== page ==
Now that supply chains have stabilized, getting bites from reporters on supply chain story pitches requires a bit more strategy. Here are five ways to increase your odds of securing media interest:
Leverage proprietary data. Reporters and editors alike love data to support their story, so if your logistics client generates industry outlook data, that’s a great hook for a pitch. Even if the client doesn’t regularly produce data, you may be able to find meaningful tidbits in existing marketing material or create it by conducting customer surveys. Data is king when it comes to media, so showcase your client’s proprietary data whenever possible in your pitches.
Consider prevention and preparation topics: Don’t underestimate the lingering trauma of pandemic-related shortages and supply chain snarls for the business audience. Executives haven’t forgotten the mad scramble to find alternative sources and shipping routes, so they’re drawn to advice that can help them overcome potential supply chain challenges. Tips on how to prepare for future black swan events and improve organizational agility can be equally compelling to business leaders looking to get ahead.
Shake off the rapid-response mindset: Speaking of black swan events, we’ve endured a steady stream of them over the past few years, so it’s easy to fall into a rapid-response rhythm and subconsciously frame every pitch as a reaction to breaking news. The supply chain is ever-changing, and there are plenty of evergreen topics, like evolving customer expectations or sustainability in logistics, to explore that will proactively position your client as a thought leader without waiting for the breaking news story to come to you.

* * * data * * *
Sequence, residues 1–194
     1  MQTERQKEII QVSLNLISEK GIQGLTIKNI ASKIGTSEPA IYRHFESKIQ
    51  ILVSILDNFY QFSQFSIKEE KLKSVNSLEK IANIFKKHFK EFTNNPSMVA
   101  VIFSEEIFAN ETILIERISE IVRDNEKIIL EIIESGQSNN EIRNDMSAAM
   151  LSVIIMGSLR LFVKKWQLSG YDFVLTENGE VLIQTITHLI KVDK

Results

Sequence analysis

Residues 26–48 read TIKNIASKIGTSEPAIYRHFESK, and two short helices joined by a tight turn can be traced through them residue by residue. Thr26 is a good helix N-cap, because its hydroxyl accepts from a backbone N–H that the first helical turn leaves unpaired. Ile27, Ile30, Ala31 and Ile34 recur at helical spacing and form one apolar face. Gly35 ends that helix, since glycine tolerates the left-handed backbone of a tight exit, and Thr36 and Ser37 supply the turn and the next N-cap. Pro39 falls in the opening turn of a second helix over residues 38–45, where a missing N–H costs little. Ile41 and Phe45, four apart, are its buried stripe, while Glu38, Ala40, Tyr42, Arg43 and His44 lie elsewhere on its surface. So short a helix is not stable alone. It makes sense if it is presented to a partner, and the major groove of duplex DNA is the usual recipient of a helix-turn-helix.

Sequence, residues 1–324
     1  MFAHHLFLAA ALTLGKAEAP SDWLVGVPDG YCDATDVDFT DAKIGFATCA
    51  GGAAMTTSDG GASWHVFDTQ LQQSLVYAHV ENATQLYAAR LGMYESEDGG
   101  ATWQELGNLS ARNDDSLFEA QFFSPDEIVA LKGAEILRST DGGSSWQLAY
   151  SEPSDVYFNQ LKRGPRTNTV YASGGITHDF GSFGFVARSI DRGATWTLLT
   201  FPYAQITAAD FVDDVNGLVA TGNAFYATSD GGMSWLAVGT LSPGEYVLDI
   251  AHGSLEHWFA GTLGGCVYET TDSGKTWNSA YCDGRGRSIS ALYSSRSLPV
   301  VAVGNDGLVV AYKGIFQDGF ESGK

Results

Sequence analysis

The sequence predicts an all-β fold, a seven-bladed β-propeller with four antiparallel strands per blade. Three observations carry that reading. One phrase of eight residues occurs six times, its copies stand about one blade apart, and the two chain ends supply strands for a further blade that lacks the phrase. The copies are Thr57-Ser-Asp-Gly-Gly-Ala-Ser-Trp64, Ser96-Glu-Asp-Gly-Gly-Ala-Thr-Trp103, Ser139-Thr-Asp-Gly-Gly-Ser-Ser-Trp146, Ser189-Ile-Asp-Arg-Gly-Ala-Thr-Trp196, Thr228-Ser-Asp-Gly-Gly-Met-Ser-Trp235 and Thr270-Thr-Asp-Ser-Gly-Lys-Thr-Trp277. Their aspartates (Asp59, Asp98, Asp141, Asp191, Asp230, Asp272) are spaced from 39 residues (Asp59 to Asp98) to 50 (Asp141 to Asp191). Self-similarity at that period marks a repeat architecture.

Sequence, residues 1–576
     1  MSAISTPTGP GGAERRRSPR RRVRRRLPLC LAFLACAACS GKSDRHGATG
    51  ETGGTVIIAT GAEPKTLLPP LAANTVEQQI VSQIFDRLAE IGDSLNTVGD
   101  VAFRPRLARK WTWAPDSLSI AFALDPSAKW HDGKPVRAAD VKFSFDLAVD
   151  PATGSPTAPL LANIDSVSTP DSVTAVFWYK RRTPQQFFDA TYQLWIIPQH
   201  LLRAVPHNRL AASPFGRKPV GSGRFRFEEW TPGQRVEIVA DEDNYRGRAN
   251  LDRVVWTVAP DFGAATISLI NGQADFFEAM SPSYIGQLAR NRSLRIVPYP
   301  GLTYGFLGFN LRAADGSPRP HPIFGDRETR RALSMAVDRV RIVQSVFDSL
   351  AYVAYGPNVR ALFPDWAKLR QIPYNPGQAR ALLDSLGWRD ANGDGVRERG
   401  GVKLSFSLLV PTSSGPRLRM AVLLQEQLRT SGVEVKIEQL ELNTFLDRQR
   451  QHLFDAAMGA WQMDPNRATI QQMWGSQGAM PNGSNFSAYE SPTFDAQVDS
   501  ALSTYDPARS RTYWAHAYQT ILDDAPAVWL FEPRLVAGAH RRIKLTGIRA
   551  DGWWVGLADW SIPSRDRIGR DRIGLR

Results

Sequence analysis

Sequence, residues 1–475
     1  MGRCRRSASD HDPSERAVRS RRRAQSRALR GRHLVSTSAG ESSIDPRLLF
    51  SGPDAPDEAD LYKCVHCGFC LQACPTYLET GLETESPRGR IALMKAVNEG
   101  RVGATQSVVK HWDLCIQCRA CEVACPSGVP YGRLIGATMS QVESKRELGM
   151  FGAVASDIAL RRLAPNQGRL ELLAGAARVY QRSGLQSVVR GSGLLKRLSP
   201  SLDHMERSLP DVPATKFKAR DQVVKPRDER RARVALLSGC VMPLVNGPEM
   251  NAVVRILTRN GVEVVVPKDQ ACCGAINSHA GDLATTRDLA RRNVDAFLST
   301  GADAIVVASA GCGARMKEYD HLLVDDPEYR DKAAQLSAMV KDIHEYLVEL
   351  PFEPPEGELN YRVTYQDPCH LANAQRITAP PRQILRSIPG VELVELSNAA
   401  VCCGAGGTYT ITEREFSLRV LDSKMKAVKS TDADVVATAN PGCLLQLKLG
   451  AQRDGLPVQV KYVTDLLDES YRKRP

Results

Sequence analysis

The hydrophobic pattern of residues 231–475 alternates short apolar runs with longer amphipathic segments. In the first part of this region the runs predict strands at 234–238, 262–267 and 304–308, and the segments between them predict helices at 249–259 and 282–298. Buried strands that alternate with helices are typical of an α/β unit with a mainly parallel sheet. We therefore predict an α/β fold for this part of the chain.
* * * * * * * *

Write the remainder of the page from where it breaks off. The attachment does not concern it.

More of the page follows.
Talk to the client’s sales team: Sales teams should be using your media placements to drive demand. For example, a thought leadership piece that positions the client as a cold chain logistics (refrigerated trucks) expert can double as sales collateral. Alternatively, PR professionals should be using the sales team’s insights to drive media outreach. Salespeople spend their time talking to prospective customers, so they have the inside scoop on trends that are making a splash and which problems customers need solved. Creating a strong relationship with the sales team will help guide your PR strategy and focus. Not to mention, connecting your PR efforts to the sales team’s priorities will boost ROI for your client.
Pitch seasonal or vertical-specific topics: Positioning clients as subject matter experts on seasonal or vertical-specific topics is another way to drive timely coverage for logistics companies. “Seasonal” doesn’t have to relate to the holidays. For example, produce season could help you snag coverage in food and beverage publications, or peak holiday gift shipping season offers opportunities for angles in retail trade outlets.
As PR professionals, we’ve never completely relied on breaking news to help us place content for our clients. Newsjacking is a powerful technique for elevating a client’s brand, but it’s better considered an occasional treat than a foolproof media strategy since the news cycle always moves on.
When that inevitably happens, in the supply chain sector or any industry, PR professionals need to get scrappy and creative to secure media coverage for clients.
Carly Lang is a coordinator at Next PR.